10 more planets humans may be able to ruin — Researchers from NASA’s Kepler space telescope team announced we might get to bring our garbage party to another planet — OK, a bunch of them. The Kepler team has apparently identified 219 new planet candidates, 10 of which are roughly Earth-size and within their star’s habitable zone, the orbit zone around a star that could support liquid water and possibly life. This latest update to the Kepler catalogue brings the total number of planet candidates identified by the space-based telescope to 4034.
~ Well gosh, that’s heartening. Maybe they should have Keplered them to themselves?
Mystery Mars-sized planet — It’s been about 11 years since Pluto was demoted to dwarf planet status, leaving a 2370km-sized void in our hearts. Since then, the hunt for Planet X – aptly renamed Planet 9 – has grown into an international movement to find such an object in the Kuiper Belt beyond Neptune’s orbit. Now, scientists Kat Volk and Renu Malhotra from the University of Arizona’s Lunar and Planetary Laboratory are upping the ante: they suggest a completely different, tenth planetary-mass object is hiding somewhere in the Kuiper Belt as well.
~ Sigh. Or, you know, they’re just making suff up. It’s pretty dark out there.
Uranus is the loneliest thing in the solar system — It hasn’t had contact with anyone in over 30 years, since NASA’s Voyager 2 spacecraft whizzed by it on 24th January 1986. Thankfully, some good folks at NASA and elsewhere are advocating for missions to Uranus and its Ice Giant companion, Neptune, which could take place at some point in the next few decades.
~ If only I could think of a pun.
Satellites solve ‘bright nights’ — When Roman philosophers such as Pliny the Elder witnessed moonless nights glow bright like the day, it made an impression. Others since then have been awestruck by these ‘bright nights’ too.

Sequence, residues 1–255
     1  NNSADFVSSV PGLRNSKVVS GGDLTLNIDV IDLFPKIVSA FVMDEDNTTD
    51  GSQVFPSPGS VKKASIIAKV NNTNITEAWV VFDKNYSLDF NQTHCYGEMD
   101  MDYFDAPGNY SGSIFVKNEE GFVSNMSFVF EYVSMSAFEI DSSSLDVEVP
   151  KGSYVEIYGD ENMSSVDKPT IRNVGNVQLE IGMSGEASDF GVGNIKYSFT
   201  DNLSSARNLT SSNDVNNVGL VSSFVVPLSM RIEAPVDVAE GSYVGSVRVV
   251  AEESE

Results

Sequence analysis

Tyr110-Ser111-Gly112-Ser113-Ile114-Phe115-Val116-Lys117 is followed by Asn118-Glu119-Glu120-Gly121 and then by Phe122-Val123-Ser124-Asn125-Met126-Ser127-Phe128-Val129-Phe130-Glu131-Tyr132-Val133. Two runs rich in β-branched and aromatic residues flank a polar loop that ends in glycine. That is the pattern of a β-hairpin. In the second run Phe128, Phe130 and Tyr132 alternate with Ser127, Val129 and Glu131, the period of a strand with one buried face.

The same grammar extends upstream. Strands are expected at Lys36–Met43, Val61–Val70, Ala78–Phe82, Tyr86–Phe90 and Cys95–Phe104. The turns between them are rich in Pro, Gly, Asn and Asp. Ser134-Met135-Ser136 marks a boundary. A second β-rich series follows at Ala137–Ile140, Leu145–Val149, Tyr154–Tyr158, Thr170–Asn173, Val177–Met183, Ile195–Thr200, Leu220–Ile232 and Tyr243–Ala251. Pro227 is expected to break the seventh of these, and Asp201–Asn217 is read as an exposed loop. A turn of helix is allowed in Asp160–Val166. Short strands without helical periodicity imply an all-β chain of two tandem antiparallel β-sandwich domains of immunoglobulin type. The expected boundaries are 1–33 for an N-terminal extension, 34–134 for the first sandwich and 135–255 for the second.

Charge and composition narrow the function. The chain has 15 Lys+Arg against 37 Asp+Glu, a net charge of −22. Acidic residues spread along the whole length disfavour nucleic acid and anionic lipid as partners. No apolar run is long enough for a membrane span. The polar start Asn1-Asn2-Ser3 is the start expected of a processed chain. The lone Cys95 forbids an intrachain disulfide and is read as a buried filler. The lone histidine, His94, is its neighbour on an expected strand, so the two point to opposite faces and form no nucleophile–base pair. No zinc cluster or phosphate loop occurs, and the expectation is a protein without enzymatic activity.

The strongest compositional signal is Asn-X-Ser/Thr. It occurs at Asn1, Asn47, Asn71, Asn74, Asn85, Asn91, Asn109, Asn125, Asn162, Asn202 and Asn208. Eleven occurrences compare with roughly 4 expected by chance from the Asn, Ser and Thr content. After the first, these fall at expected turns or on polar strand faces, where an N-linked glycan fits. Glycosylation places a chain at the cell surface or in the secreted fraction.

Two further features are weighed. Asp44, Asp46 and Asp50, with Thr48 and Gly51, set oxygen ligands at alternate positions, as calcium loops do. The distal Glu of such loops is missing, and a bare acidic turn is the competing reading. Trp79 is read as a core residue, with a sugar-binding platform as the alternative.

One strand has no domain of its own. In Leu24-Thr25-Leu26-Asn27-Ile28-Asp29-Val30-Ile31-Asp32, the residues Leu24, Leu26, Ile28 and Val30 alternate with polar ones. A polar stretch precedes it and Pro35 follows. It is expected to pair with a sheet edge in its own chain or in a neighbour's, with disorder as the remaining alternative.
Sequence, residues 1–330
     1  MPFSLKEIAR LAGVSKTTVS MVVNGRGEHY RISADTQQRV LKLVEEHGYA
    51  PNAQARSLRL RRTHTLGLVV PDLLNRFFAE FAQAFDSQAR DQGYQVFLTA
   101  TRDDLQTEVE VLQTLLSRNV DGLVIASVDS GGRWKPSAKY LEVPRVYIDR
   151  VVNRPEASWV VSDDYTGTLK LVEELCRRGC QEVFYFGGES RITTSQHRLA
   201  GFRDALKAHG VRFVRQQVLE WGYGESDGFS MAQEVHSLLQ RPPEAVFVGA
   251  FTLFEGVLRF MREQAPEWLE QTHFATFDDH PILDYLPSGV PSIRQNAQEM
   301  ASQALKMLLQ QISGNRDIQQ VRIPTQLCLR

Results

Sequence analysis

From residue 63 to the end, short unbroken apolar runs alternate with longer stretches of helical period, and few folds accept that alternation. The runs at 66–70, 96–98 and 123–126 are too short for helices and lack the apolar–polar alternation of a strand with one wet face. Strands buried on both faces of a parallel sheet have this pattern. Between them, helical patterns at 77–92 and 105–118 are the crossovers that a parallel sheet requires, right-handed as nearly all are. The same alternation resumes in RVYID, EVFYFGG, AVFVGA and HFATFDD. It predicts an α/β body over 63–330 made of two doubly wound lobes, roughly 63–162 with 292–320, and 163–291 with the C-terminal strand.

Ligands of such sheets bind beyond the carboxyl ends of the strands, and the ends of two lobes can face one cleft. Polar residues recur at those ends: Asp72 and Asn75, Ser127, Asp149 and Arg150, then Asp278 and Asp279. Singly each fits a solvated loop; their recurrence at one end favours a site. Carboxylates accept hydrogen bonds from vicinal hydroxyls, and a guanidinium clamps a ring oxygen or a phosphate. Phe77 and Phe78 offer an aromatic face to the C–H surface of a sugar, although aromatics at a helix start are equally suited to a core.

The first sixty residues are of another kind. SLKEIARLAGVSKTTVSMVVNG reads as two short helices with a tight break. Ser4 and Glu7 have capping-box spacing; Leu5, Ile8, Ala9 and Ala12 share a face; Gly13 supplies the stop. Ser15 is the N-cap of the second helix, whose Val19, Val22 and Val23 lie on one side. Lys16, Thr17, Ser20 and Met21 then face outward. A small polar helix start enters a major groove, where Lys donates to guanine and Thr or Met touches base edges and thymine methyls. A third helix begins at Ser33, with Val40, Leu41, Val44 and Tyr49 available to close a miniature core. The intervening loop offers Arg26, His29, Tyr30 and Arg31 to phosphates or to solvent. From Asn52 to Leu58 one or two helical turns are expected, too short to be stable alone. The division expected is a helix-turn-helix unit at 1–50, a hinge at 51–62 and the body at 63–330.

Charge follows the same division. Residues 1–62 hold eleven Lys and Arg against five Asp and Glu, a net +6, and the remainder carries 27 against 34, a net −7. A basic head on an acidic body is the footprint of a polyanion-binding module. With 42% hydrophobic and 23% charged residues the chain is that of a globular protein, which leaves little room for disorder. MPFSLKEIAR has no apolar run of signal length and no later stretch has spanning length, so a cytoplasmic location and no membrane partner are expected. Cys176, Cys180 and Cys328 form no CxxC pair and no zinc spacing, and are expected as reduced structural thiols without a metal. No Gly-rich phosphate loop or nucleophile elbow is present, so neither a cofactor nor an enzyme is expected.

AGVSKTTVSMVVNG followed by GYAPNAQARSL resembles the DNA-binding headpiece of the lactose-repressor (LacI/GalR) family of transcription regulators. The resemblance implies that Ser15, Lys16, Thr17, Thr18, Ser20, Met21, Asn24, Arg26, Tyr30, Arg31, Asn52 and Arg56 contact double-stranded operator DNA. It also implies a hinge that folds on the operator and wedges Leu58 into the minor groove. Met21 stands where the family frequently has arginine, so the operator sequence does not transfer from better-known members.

Scientists from York University in Toronto have since observed what they call “enhanced airglow events” where elements in the night sky release photons. They know what’s causing airglow in their satellite data. But now they think they have figured out what enhances the glow, which may have caused the brighter nights documented throughout history.
~ Let me guess: was it light?
Study forces scientists to rethink human genome — As genetic sequencing has gotten cheaper and computerised data analysis has gotten better, more and more researchers have turned to what are known as genome-wide association studies in hopes of sussing out which individual genes are associated with particular disorders. If you have a whole lot of people with a disease, you should be able to tell what genetic traits those people have in common that might be responsible. This thinking has resulted in an entire catalogue of hundreds of research studies that has shed light on the genetic origins of diseases such as type 2 diabetes, Parkinson’s disease, Crohn’s disease and prostate cancer, while helping fuel the rise of personalised medicine.
But now, a group of Stanford University geneticists writing in the journal Cell posit that such large studies are actually likely to produce genetic variants with little bearing on the disease in question — essentially false positives that confuse the results.
~ ‘False positives’ really is cruel irony.
Stunning medieval longsword discovered in Polish bog — Late last month, an excavator operator was working at a peat bog in the Polish municipality of Mircze when he accidentally stumbled upon a glorious specimen of 14th century craftsmanship. The remarkably well-preserved longsword is a unique find for the area, and its discovery has prompted an archaeological expedition hoping to find more artefacts in the (location undisclosed) bog.
~ For the love of peat!
Study sheds new light on incredible 3000-year-old prosthetic toe — It’s called the Greville Chester Great Toe, and it’s one of the earliest prosthetic devices known to scientists. The Iron Age prosthetic was discovered by archaeologists 17 years ago in a plundered tomb that was carved into an older burial chamber known as Sheikh ´Abd el-Qurna, an acropolis just west of Luxor, Egypt. A team of researchers from the University of Basel and the University of Zurich are currently reexamining the device, and the archaeological site itself, using state-of-the-art techniques — and they’re learning some extraordinary new things about it.
~ Come on, if they could make a massive pyramid, a toe doesn’t seem that much of a stretch.